Photographer Rose Hartman is about to reveal what she has witnessed behind the scenes in fashion.
The New York native will be celebrated at Thursday’s opening-night reception for “Incomparable Women of Style,” an exhibition of her work at the Fashion Institute of Technology’s Gladys Marcus Library.
At work on a book by the same name, Hartman said she got hooked on photography through a serendipitous assignment. In Sun Valley, Idaho, for a photography workshop, she was asked to cover Joan Hemingway’s wedding for The Daily News Record, the men’s wear title previously published by Fairchild Publications. “It wound up on the cover with the headline ‘A Moveable Feast,’ she said. “There I was meeting the most fascinating people doing this wedding in a beautiful field. When I got back to New York, I thought, ‘My God, I can make money.’ And this is my passion and my work is being noticed and appreciated.”
Many of the 60 shots that will be on view through Jan. 20 include fashion insiders. During an interview Tuesday, Hartman, who has donated her archives to FIT, said being on the scene often helped her get more candid shots. “Basically, the photos you will see in the exhibition, these are moments. I was not really setting up anything,” she said.
While working on her first book, “Birds of Paradise: An Intimate View of the New York Fashion World,” Hartman pretty much had an all-access pass to Studio 54. “I could come in without having to wait in line or beg the door person to let me in,” she said. One night there in 1976 around 2 a.m., Hartman was as shocked as Mikhail Baryshnikov and everyone else to see Bianca Jagger atop a white horse, but she fired off two or three shots to capture what easily could have become an urban myth. “She was only there for a moment because I imagine it would have been very dangerous to keep a horse in Studio 54,” Hartman said. “I can take a picture quickly based on 30 years of experience.”
Studio 54 was also where she caught Jerry Hall dishing with Andy Warhol at a 1977 Interview magazine party, a favorite photo solely because “Andy never talked,” Hartman said. “I was just feeling the moment because people were freer then. That has completely changed from north to south. Everyone is so self aware now.”
Mary McFadden at ease in her New York apartment and Betsey Johnson on a Harley Davidson beneath an American flag are a few of the fashion portraits in Hartman’s body of work. “I can remember being in Henry Kravis’ apartment when he was married to Carolyne Roehm. We were surrounded by John Singer Sergeant paintings and I thought I would faint,” Hartman said. “I have gotten to see some pretty incredible things that I never would have had I remained a high school English teacher.”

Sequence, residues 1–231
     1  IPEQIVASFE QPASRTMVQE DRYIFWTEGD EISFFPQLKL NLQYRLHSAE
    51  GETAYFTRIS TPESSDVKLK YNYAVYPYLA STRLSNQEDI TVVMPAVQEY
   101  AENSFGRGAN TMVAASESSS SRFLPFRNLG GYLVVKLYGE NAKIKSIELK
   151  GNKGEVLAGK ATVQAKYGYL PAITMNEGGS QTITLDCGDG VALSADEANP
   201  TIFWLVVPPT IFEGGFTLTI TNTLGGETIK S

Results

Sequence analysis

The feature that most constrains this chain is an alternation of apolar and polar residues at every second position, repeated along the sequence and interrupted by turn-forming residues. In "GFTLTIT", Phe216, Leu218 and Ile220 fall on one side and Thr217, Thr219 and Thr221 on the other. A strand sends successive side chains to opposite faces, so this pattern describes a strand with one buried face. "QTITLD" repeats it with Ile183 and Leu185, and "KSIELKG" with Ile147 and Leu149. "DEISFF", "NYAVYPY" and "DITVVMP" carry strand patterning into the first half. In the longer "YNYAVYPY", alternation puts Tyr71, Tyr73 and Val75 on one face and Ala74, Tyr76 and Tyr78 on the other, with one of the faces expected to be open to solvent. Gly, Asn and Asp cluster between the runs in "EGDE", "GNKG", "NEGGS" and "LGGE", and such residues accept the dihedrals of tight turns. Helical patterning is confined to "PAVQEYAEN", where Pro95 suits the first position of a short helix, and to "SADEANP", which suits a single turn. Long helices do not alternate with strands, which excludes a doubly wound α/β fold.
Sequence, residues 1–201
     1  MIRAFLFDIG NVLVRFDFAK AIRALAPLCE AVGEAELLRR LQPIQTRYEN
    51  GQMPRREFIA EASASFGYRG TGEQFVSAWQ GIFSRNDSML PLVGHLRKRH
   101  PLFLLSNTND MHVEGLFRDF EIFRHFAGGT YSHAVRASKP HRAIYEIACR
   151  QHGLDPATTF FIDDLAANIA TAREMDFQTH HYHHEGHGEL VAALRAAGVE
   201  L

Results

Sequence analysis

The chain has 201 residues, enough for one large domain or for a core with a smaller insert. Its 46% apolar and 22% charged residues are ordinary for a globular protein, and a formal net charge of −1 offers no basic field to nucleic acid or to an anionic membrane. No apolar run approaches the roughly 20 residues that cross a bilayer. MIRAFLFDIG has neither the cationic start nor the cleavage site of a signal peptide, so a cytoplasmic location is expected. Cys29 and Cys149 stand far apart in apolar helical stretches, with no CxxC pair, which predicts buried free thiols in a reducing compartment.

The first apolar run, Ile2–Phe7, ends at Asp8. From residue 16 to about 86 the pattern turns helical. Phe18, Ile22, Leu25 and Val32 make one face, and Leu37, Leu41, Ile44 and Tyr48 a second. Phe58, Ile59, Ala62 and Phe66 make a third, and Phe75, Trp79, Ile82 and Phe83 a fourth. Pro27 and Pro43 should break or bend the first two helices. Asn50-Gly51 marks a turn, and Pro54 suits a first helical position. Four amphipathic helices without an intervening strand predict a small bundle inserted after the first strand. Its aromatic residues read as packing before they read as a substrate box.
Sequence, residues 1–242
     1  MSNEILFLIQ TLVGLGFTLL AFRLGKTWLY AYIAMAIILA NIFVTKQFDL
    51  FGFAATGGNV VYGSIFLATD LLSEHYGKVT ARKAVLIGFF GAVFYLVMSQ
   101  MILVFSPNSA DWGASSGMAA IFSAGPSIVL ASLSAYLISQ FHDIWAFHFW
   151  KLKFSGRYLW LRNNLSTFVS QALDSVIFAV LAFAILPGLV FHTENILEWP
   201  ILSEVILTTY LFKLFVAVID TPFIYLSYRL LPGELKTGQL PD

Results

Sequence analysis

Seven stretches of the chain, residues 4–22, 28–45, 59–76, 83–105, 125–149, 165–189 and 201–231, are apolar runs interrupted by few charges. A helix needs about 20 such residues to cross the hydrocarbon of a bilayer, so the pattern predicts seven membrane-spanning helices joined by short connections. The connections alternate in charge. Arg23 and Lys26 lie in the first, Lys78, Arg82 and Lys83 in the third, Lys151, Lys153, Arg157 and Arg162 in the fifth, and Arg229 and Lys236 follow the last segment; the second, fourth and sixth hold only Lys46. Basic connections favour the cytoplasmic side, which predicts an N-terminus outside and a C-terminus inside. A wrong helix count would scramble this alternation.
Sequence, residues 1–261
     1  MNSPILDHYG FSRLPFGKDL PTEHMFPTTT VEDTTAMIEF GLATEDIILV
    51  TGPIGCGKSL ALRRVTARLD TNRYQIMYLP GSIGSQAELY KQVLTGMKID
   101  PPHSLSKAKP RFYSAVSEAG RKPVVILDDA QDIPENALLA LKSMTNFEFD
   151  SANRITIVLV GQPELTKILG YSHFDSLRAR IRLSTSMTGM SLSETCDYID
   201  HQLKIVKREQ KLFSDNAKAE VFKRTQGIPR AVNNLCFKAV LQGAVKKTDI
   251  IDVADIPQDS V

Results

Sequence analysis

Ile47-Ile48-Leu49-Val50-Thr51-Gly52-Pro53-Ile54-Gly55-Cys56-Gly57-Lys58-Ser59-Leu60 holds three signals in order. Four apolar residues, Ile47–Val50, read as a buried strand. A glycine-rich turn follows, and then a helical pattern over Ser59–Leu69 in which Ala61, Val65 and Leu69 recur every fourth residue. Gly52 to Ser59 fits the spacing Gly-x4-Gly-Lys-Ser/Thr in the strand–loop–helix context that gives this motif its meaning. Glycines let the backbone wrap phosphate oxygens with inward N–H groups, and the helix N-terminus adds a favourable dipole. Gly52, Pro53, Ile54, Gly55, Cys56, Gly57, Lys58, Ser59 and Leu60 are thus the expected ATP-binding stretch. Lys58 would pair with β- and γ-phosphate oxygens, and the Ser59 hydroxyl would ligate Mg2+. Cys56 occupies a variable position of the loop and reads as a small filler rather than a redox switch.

The lenswoman likes to loosen up her subjects with a little humor. “I’m very interested in having a little conversation so the person in question forgets that I’m there,” she said. When Carolina Herrera arrived in New York and started her business with the financial backing of “a very wealthy South American magazine publisher,” Hartman trailed the designer and her husband for a day-in-the-life montage for Harper’s Bazaar Español. “I photographed her going to the florist, to their home, to Le Cirque. I just kept photographing a typical day, which, of course, it could not have been. To this day, Carolina has always been so cordial to me — unlike some others I shall not name.”
Although she made a point of saying that she only goes where she is invited, Hartman has been known to seize the moment. Once while climbing the stairs at Lincoln Center behind Lauren Hutton en route to the New York City Ballet’s annual gala, she called the actress’ name and took a quick shot. “When she turned around, she looked so incredible. She is Lauren Hutton, but I’m sure she was thinking a friend was calling her name,” Hartman said.
Years ago at an Upper East Side book party for Kelly Klein’s “Pools,” Hartman scored again by using a similar tactic with John F. Kennedy Jr. as he headed to the elevators. New York magazine wound up using that image for a cover shot. “These are moments that were unscripted. That made them vital. You really see the person as they are,” Hartman said. “I was told John called New York magazine and said, ‘But I never posed for the cover.’”
Routine as that might seem by today’s standards, such offhanded shots were not always the norm. But Hartman dismissed the suggestion that such candid photography might have contributed to the onslaught of the paparazzi. “I was always invited. I was not stalking anyone. I would never do that,” she said.